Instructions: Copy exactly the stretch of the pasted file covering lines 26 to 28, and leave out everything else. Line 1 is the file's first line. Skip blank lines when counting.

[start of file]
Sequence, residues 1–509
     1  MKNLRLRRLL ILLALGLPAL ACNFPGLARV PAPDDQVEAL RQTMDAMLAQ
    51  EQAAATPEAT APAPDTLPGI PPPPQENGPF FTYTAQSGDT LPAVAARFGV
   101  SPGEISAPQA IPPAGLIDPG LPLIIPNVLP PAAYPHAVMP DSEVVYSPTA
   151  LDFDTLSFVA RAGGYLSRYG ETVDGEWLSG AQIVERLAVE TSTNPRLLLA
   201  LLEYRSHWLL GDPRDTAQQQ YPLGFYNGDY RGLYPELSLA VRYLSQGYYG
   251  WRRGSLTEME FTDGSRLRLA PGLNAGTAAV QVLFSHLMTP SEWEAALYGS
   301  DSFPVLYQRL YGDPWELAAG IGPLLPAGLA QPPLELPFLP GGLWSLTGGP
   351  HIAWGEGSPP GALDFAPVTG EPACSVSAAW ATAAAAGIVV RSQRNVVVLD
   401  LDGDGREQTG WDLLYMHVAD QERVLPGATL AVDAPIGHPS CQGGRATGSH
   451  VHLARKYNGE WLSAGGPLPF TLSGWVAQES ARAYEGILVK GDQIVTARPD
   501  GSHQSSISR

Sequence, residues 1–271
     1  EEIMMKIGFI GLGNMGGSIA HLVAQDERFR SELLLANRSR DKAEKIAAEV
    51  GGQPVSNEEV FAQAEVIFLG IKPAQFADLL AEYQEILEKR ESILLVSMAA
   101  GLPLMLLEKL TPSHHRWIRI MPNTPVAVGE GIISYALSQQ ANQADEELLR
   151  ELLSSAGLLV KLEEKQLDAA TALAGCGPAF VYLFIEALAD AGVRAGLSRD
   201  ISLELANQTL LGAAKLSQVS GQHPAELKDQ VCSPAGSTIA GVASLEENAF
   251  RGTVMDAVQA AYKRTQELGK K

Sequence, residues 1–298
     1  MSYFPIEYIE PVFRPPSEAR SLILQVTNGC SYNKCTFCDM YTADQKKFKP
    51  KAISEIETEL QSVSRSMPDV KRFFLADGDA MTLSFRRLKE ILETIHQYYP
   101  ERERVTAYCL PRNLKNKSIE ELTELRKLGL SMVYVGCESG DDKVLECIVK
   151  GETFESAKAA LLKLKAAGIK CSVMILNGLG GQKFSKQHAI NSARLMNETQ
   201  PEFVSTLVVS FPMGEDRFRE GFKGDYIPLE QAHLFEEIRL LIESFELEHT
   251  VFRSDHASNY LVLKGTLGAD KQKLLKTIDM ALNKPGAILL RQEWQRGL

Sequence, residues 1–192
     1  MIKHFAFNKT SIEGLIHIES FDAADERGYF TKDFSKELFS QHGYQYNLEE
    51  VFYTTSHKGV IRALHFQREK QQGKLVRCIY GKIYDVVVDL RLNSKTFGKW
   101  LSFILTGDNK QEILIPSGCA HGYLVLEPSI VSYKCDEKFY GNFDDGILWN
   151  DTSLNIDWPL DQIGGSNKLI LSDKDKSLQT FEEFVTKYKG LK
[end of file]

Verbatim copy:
   251  VFRSDHASNY LVLKGTLGAD KQKLLKTIDM ALNKPGAILL RQEWQRGL

Sequence, residues 1–192
     1  MIKHFAFNKT SIEGLIHIES FDAADERGYF TKDFSKELFS QHGYQYNLEE